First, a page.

Family & de facto law, financial agreements, consent orders
1)... Why on earth would you want to remain jointly responsible for a property that you no longer will have an equitable interest in after consent orders are stamped?... (which the court may well not approve anyway if they are aware of that arrangement)
2) Why are you happy to continue helping the loan repayments?
The court expects your financial relationship is ended, & the consent orders are there to formalise that..
The process is that the title is transferred & the party taking over sole title buys out the others interest. BUT, that MUST include refinancing in their own name..
Thanks for your response. The reason being is that otherwise the ex might might not be approved for the loan amount in her own right due to serviceability issues. If the existing loan could be kept in place then that issue would be resolved.
Secondly, we both just want to get everything paid up as quickly as possible so there are no existing debts. Peace of mind for everyone concerned including the children. Weâ€™d rather see our money go towards the children than go into paying bank interest on a loan.
spirax77 2019-04-25 17:40:43
You do realise that when you have stamped consent orders dealing with property division, that is THE END of your financial interest in that title... There can be no further orders relating to it..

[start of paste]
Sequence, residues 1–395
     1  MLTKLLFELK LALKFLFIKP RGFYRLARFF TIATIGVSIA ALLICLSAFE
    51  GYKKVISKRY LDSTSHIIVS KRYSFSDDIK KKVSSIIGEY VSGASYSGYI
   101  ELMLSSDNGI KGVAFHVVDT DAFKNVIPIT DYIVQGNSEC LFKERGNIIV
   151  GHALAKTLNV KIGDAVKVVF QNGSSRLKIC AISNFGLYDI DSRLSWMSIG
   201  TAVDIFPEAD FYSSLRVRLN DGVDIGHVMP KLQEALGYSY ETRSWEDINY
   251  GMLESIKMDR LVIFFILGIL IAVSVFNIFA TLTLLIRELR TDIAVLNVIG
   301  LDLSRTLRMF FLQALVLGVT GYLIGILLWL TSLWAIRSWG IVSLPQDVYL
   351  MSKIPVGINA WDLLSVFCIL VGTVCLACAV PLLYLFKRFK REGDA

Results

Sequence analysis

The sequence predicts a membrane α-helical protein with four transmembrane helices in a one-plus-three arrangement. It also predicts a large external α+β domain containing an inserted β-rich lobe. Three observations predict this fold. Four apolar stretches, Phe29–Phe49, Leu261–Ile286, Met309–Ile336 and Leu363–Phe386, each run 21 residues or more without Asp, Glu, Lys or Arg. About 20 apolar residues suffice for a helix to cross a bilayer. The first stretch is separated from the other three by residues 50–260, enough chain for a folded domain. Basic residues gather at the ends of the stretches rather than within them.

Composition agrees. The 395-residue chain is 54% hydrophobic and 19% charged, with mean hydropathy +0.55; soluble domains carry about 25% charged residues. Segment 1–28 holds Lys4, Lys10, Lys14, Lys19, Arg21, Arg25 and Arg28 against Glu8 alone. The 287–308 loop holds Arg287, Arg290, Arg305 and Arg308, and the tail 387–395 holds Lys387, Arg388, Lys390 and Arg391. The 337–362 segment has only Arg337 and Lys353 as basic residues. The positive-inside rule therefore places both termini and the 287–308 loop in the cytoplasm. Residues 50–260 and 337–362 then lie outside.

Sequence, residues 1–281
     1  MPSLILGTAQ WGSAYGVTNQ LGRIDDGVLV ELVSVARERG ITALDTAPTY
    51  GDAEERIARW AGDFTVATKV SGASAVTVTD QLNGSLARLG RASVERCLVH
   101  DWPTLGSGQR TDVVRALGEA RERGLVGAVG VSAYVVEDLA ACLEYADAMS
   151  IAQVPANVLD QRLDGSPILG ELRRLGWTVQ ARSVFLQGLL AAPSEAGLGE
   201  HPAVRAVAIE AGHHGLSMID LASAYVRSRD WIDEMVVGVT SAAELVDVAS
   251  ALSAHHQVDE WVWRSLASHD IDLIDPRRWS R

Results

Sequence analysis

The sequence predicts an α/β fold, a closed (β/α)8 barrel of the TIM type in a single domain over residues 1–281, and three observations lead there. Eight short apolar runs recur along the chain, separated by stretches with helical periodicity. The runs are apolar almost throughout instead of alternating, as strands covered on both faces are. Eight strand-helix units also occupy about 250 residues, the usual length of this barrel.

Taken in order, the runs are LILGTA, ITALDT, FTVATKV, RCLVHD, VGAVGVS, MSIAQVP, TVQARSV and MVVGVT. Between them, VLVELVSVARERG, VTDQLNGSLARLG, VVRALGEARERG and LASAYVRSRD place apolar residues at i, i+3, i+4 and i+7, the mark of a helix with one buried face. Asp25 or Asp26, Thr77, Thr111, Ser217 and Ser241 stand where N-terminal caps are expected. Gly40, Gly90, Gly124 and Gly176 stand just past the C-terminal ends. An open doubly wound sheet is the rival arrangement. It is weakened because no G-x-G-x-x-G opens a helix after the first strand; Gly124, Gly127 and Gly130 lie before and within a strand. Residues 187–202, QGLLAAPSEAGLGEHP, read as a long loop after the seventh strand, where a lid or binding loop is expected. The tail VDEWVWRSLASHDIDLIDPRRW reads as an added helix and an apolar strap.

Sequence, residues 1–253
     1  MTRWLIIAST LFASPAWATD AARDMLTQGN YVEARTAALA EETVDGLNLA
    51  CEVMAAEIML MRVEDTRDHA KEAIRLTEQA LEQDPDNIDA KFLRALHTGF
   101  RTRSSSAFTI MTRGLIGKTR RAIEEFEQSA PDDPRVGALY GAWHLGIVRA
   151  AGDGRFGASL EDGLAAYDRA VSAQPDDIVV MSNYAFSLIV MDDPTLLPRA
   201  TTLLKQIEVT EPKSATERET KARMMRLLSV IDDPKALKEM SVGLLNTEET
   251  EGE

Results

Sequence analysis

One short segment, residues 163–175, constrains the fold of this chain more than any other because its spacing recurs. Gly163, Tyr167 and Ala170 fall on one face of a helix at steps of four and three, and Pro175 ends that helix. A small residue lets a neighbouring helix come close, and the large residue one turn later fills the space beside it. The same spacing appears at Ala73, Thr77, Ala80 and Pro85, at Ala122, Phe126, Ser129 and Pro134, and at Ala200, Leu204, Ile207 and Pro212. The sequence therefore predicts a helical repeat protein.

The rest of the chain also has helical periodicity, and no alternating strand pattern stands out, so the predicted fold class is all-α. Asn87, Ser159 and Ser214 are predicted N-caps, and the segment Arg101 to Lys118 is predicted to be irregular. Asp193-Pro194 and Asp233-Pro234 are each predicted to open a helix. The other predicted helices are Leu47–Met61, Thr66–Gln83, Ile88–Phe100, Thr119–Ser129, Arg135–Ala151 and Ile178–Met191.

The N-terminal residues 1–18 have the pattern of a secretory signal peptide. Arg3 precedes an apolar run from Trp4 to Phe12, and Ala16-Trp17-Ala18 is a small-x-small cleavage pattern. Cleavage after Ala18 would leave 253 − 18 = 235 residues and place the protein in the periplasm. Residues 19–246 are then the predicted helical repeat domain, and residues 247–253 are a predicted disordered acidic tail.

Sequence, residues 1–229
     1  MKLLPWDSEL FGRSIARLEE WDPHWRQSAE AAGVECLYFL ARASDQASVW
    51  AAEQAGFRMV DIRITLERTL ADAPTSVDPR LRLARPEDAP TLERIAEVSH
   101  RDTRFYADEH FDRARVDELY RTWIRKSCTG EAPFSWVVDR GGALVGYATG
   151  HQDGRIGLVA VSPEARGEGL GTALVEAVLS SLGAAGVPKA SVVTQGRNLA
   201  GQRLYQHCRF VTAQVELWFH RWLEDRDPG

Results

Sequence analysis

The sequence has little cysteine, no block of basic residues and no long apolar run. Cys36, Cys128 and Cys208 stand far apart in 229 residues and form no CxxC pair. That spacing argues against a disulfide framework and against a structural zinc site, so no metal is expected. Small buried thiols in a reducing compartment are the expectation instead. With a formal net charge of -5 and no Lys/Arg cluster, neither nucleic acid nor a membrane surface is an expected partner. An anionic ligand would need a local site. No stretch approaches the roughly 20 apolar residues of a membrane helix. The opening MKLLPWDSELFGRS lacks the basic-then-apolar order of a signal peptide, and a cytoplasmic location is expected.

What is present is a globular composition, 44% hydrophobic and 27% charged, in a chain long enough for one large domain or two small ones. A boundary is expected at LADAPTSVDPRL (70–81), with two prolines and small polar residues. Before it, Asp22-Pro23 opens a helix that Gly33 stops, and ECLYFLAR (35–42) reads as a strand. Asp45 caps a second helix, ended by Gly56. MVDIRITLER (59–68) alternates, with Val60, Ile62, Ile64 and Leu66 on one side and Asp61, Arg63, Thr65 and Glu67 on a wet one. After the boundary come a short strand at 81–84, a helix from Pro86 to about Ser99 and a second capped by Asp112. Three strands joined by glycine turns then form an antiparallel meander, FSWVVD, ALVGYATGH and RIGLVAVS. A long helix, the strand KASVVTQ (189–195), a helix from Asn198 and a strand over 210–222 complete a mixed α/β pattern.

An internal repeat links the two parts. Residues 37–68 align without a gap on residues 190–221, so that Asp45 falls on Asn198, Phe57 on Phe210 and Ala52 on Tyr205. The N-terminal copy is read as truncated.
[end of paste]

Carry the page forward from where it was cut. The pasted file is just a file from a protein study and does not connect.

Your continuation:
Now consider perhaps at some point in the future, your ex continues to default on the loan & can not pay the mortgage, for whatever reason, & there can be many..
The banks will be coming to you to pay that mortgage... On a place that you can not live in, nor have any financial claim to..
I understand the serviceability issues, BUT.... you asked if there is any potential pitfalls with this scenario... YES, a huge pitall
Perhaps instead of consent orders, you should look at some sort of binding financial agreement whereby you both remain on the title & contribute towards the mortgage for a set amount of time, or until your ex is able to refinance in her own name, whichever comes first..
yup - do this stuff by the book. Sure things are all nice now - all agreeable etc etc. So you spend 20 yrs contributing towards the mortgage of a property that you have no legal ownership of... In 20 yrs it is paid of and the ex chooses to sell. The thing has gone up in value. GREAT. But when the $$$ goes into HER bank and she chooses that you only deserve 5% BECAUSE you didn't pay the rates, or she decides to give you 0% because she doesn't have to... Guess what? you're screwed. There isn't a court in the land that will care.
Do it legally, to it by the book. A binding agreement is a good idea - but a better idea is to go your separate ways, that is why it is called DIVORCE. If that means the place needs to be sold, then sell it.